Murder by Emergency Brake Shocks Nesbo’s Grisly ‘Police’

Photographer: Michael Lionstar/Knopf via Bloomberg

Jo Nesbo, author of "Police." Close

Jo Nesbo, author of "Police."

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Photographer: Michael Lionstar/Knopf via Bloomberg

Jo Nesbo, author of "Police."

Pity Harry Hole, the Oslo detective who has tracked mankind’s most murderous creatures through nine books by Norway’s Jo Nesbo. His reward: Getting gunned down at the end of last year’s “Phantom.”

As a consequence, Harry is missing from the first third of “Police,” the new novel by Nesbo, a former stockbroker and rock ’n’ roll singer who started writing during a respite from life in the financial world.

Don’t worry. There’s plenty of violence as “Police” kicks off. As an unidentified man clings to life in Norway’s National Hospital, investigators are being lured to the scene of unsolved crimes and killed in entertainingly grisly ways.

One cop meets his doom with a car’s emergency brake punched through his mouth and out the back of his head. Another is hooked, headfirst, onto a ski lift, leaving a trail of crimson to spatter the slope. A third is chopped up, dumped into plastic bags and then set out by the curb to await the hydraulic compression of the garbage truck.

The gang’s all here, explaining the book’s title. Nefarious top policeman Mikael Bellman and his appalling sidekick, Truls “Beavis” Berntsen, do their best to obstruct the investigation, aiming to protect their own sordid secrets. Police stalwarts Beate Lonn, Bjorn Holm and the more-than-somewhat-unhinged Katrine Bratt play key roles.

Source: Knopf via Bloomberg

"Police" by Jo Nesbo. Close

"Police" by Jo Nesbo.

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Source: Knopf via Bloomberg

"Police" by Jo Nesbo.

It’s not just violent. Subplots include a carefully observed, politically expedient extramarital affair (a bedspread is made of reindeer skin). Psychiatrist Stale Aune’s latest patient spends a bit too much time discussing Pink Floyd’s “Dark Side of the Moon.”

Brutal Craziness

Many more will die, including characters who have soldiered through multiple earlier volumes. Others will be falsely accused before the mystery of Harry’s disappearance is solved, as we know it will be.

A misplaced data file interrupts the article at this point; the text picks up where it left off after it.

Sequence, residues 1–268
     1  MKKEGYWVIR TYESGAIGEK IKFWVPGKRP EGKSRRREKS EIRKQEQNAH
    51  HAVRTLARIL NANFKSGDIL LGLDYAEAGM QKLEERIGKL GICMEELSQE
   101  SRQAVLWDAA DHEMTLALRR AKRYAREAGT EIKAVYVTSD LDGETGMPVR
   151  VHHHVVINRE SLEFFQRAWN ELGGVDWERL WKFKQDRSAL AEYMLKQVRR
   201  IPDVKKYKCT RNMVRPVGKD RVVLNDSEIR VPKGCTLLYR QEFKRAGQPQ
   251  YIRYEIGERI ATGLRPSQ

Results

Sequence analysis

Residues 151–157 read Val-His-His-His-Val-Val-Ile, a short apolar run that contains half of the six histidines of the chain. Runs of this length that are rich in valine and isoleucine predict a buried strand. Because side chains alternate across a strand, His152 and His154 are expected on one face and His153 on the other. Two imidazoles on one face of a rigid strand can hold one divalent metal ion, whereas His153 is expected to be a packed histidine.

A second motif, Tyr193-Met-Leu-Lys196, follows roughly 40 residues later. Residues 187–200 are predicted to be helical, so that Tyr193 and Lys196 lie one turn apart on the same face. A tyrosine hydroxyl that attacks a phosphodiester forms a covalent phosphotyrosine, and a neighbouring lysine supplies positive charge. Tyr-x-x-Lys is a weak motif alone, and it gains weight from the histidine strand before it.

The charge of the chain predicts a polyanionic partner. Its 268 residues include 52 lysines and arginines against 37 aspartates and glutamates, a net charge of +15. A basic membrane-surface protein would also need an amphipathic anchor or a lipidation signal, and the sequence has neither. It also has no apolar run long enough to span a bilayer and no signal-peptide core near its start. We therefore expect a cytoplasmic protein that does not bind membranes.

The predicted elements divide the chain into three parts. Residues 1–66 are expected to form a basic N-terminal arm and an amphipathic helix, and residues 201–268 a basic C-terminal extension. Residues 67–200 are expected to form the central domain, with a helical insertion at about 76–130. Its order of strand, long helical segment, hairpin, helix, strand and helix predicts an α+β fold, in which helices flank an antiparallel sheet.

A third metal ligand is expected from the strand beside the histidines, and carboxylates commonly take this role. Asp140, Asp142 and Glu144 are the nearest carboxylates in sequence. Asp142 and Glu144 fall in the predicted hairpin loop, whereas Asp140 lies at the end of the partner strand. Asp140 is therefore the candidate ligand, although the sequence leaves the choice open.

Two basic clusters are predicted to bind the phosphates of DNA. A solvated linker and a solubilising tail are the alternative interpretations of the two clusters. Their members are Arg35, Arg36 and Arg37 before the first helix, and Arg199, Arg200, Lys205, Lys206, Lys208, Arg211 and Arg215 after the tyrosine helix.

“Perhaps he’s becoming a legend, after all,” one character notes of the missing policeman early on in the book.

Perhaps. Perhaps this will be a new Harry, on the wagon at last after years of heavy boozing and the consumption of myriad illegal substances. Perhaps this rebooted detective won’t, for once, involve his longtime love, Rakel, and more or less adopted son, Oleg, in the danger and terror of his daily life.

Fat chance. This is a Harry Hole thriller. Yes, it’s dark. Yes it’s thoughtful. Yes, it has plot twists worthy of a Mobius strip. But there will be room for an attractive, and brutally crazy, female stalker. Not to mention a character who is told, “No one can hear you, but if you yell like that I’ll have to tape up your mouth as well.”

Can it get any darker? Well, yes: A major character even experiences a rape fantasy (which he never actually enacts). By book’s end, one could be forgiven for wondering whether there’s much in the realm of human cruelty, or psychopathic psychiatry (this is Norway, after all) left for Nesbo to explore.

“Police” is published by Knopf in the U.S. and Harvill Secker in the U.K. (436 pages, $25.95, 18.99 pounds). To buy this book in North America, click here.

(Alec D.B. McCabe is an editor at Bloomberg News. The opinions expressed are his own.)

Muse highlights include Ryan Sutton on dining and Zinta Lundborg on books.

To contact the reporter on this story: Alec McCabe in New York at amccabe@bloomberg.net

To contact the editor responsible for the story: Manuela Hoelterhoff at mhoelterhoff@bloomberg.net.

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